Doctor warns against over the counter cough syrups and medicines for children

Cough medicines could "actually do more harm than good".
Cough medicines could "actually do more harm than good".

A senior doctor has urged parents to avoid using over-the-counter cough syrups and medicines to treat coughs and colds in children - in favour of "old fashioned" honey and lemon.

Dr Oliver Bevington, a senior registrar in paediatrics at Southampton Children's Hospital, warned they often contained ingredients that could have adverse effects or be toxic if consumed in large doses.

He also said many included paracetamol which could lead to parents unintentionally overdosing their children and there was absolutely no evidence cough medicines worked and warned they could "actually do more harm than good".

He said: "We are now heading into our busiest time of the year where hospitals and GPs will see hundreds of children a day with respiratory symptoms including coughing, colds and temperatures.

"Most coughs and colds in children will be caused by a viral infection which will get better without antibiotics and with rest, fluids and possibly paracetamol and/or ibuprofen, though many parents worry persistent symptoms will be damaging and reach for cough syrups."

Dr Bevington, who is also chairman of the Royal College of Paediatric and Child Health's trainees' committee, said although over-the-counter cough syrups and medicines were widely available, there was "a lot of conflicting advice" about their use which parents "understandably find confusing".

He said: "A lot of cough and cold medicines contain active ingredients such as nasal decongestants, antihistamines and 'cough suppressors' that may, in large doses, have adverse effects or be toxic if consumed in large quantities - particularly to the under 6s who are much more susceptible.

"They may also contain paracetamol and parents may unintentionally find themselves overdosing their child with cough medicine and paracetamol while, as with any medicine, there remains a risk that any of the ingredients could cause an allergic reaction or other unwanted side effect."

He added: "The bottom line is there is absolutely no evidence that cough medicines work as there has been very little research with regards to their use and, potentially, they could actually do the children more harm than good.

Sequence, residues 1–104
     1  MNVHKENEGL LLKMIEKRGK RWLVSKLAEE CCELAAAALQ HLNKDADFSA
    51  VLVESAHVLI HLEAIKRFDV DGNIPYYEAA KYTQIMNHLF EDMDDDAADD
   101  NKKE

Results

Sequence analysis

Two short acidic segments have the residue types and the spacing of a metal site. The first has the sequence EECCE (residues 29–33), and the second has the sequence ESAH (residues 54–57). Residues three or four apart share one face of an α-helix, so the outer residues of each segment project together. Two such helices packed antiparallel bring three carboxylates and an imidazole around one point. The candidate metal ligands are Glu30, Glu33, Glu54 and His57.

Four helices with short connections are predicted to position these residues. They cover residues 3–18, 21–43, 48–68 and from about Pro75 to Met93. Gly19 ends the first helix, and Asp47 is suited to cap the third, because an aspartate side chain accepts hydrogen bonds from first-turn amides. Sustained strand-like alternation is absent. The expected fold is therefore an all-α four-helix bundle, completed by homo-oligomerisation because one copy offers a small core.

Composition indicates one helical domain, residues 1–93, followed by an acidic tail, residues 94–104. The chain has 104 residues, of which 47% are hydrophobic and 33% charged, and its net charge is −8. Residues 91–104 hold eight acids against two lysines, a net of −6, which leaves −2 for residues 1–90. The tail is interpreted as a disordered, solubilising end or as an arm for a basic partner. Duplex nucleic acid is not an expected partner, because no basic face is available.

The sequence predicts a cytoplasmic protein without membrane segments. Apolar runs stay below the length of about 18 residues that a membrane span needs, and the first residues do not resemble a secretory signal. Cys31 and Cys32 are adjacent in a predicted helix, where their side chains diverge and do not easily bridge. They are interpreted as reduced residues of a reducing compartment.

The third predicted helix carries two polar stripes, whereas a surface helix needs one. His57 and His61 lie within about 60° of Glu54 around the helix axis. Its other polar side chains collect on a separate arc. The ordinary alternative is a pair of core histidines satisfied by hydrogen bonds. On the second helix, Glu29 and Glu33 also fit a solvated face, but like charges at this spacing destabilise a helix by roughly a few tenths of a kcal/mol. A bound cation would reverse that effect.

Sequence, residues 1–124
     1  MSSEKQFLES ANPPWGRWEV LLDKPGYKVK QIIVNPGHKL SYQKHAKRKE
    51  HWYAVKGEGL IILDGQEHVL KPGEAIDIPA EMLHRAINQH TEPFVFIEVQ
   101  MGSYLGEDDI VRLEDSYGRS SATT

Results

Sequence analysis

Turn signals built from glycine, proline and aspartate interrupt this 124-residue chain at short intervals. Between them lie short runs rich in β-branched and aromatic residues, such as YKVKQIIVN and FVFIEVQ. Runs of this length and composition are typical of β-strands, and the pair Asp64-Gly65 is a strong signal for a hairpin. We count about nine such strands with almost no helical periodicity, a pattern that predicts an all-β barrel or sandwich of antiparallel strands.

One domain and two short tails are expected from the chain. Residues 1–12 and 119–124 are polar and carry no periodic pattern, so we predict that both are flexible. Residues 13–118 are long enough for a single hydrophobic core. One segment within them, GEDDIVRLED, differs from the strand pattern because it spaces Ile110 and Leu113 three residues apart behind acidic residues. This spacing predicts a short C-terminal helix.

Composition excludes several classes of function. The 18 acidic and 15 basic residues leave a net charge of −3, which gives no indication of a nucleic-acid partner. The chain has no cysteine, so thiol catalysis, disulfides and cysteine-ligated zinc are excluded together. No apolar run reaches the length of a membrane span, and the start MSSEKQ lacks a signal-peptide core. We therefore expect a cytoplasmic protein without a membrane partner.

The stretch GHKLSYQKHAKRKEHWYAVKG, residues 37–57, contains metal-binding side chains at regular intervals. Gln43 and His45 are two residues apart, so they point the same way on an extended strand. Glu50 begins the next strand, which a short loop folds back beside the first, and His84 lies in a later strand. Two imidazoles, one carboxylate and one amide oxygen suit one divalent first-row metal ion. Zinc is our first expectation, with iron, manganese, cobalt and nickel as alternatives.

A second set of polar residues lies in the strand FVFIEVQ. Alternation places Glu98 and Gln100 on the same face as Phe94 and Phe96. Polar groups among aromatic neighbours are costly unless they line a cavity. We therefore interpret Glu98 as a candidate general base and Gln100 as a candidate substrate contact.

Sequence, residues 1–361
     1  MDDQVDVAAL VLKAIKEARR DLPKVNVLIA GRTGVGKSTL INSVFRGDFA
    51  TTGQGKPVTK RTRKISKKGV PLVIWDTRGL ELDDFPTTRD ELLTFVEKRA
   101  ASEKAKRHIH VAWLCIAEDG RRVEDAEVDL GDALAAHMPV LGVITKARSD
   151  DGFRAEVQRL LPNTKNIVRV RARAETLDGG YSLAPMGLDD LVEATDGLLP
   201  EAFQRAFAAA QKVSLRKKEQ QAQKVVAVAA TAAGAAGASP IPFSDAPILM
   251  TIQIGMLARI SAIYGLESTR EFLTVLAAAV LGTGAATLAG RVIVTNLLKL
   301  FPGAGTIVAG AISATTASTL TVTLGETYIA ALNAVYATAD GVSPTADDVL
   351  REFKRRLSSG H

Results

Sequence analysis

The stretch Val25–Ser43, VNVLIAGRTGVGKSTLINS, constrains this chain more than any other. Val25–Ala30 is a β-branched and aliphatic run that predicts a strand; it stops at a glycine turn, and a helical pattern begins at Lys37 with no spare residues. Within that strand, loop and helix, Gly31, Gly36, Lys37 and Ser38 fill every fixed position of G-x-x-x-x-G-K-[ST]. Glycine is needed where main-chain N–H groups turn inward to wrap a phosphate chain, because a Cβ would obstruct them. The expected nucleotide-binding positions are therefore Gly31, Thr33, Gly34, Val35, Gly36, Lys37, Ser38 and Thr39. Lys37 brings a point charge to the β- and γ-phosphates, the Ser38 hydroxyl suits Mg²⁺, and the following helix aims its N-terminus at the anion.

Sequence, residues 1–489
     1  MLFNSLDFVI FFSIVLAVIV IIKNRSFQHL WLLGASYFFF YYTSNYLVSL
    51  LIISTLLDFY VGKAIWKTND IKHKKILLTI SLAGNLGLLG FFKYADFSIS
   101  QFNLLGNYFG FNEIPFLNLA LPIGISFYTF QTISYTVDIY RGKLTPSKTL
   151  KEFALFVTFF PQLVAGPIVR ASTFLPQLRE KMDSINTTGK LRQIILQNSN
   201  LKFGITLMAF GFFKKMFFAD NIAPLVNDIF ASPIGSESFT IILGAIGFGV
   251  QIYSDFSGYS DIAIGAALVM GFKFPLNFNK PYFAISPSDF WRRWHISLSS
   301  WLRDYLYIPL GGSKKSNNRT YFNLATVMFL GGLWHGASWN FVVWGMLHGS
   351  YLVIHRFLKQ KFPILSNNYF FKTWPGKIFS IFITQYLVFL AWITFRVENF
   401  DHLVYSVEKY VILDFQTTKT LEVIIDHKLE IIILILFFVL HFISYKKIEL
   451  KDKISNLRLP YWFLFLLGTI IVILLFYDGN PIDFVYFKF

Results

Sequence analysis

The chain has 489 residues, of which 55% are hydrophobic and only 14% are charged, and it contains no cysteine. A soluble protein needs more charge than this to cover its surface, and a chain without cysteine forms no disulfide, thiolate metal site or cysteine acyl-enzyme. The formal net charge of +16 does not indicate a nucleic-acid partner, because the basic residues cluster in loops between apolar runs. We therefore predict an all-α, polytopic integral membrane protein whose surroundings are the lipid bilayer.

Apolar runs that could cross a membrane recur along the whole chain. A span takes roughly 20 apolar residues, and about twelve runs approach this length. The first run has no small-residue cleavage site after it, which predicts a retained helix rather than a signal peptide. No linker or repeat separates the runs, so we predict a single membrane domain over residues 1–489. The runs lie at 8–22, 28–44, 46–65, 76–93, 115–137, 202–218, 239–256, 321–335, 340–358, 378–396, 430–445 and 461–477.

"My advice for parents would be to stick to old-fashioned honey and lemon, rest, lots of fluids and paracetamol and/or ibuprofen as per the pack instructions and, if symptoms persist beyond a few days or there are other worrying signs, consult a GP or pharmacist."

However, Proprietary Association of Great Britain Chief Executive John Smith said: “There are a wide range of effective cough medicines available over-the-counter which are suitable for children for short-term-use. Parents who use these medicines to relieve the symptoms their children are experiencing should not be concerned by these reports.

“It can be distressing for a parent to see their child in discomfort, and these medicines can play an important role in helping to reduce the symptoms of a cough and make their child feel more comfortable.

“It’s important to remember that cough medicines will not ‘cure’ a cough. If used in accordance with the instructions on the packaging and in the patient information leaflet, then cough medicines are an appropriately safe way to help relieve the symptoms.

“Coughs on average last a week or two and the key is to identify the most troublesome symptom and to choose an appropriate product. If any parent is concerned about the use of cough medicines they should speak to their pharmacist in the first instance. Pharmacists are highly trained healthcare professionals and can provide useful information and advice on over-the-counter medicines and treatments suitable for children.”